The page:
In the 18th century, the first shipments of Martell cognac went to England and Northern Europe. However, thanks to the strong commercial network established by the Martell family and the excellent reputation of the House, exports reached India in 1781 and America in 1783. The French Revolution and the Continental Blockade resulted in a slowdown in trade, but from 1814 onwards Mai-son Martell began to move into new markets by reinforcing the network of agents representing it across the world. This strategy resulted in shipments to South America from 1817, Africa from 1848 and Asia from 1858.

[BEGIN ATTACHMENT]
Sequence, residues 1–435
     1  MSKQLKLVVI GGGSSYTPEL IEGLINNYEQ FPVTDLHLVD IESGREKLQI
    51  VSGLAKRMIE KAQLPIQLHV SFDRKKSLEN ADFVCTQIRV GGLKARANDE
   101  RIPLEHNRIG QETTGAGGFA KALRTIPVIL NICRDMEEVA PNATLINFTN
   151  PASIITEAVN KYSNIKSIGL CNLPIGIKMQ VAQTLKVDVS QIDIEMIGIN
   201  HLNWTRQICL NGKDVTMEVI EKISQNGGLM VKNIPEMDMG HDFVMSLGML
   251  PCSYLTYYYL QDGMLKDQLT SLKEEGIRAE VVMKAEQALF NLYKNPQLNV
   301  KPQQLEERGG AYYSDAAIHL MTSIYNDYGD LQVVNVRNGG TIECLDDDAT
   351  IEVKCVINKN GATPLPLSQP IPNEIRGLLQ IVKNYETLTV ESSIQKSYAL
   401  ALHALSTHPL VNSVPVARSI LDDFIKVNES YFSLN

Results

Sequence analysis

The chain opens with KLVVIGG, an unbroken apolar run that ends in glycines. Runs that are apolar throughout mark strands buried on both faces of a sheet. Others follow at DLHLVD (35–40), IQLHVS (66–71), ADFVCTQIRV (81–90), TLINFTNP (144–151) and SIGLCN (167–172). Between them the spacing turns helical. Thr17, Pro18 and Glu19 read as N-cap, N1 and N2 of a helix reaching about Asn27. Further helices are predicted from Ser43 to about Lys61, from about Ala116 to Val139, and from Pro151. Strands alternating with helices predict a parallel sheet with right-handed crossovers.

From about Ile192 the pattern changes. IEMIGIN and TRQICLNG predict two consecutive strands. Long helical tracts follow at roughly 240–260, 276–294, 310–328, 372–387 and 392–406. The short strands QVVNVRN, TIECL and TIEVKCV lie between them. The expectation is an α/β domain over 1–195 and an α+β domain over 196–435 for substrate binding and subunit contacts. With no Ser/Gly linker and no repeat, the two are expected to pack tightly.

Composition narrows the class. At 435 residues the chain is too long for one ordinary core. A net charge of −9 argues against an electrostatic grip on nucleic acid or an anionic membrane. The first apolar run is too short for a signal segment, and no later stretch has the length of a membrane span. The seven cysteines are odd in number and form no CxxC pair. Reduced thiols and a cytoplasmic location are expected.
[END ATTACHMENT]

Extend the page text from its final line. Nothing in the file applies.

The terms used to describe the eaux‐de‐vie shipped during the 18th century demonstrate the diver-sity of demand and the sophisticated taste of connoisseurs, as well as anticipating the later emergence of product ranges. Pale brandy was different from white brandy, which in its turn was not the same as fine brandy. In the 1830s, descriptions were further extended to terms such as coloured, deeply coloured, brown brandy, very fine flavour brandy, rich and soft, finest old brandy vintage 1825, perfectly pale, very old superior and pale 15 years old… Thus, cognac gradually became more refined along with the taste of those who drank it. It was at this time, too, that the first blends appeared, with blended cognac being set apart from pure eaux‐de‐vie. At the turn of the 20th century, the Martell range was established, comprising VS (or three stars), VSOP, Cordon Bleu and Extra.
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